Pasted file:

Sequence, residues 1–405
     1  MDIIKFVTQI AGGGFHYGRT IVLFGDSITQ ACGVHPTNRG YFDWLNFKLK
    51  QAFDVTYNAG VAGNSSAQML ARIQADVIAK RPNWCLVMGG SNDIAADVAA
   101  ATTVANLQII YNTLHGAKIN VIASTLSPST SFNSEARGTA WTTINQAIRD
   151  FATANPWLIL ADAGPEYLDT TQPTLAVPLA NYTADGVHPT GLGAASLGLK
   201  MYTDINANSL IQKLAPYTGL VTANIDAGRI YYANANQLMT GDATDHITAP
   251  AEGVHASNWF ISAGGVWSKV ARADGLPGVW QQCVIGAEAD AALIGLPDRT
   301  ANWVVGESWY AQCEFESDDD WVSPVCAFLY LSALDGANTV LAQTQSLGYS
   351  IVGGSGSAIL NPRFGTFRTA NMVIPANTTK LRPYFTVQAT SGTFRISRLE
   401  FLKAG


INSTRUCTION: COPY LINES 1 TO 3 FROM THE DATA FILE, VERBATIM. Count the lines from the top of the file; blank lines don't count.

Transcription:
Sequence, residues 1–405
     1  MDIIKFVTQI AGGGFHYGRT IVLFGDSITQ ACGVHPTNRG YFDWLNFKLK
    51  QAFDVTYNAG VAGNSSAQML ARIQADVIAK RPNWCLVMGG SNDIAADVAA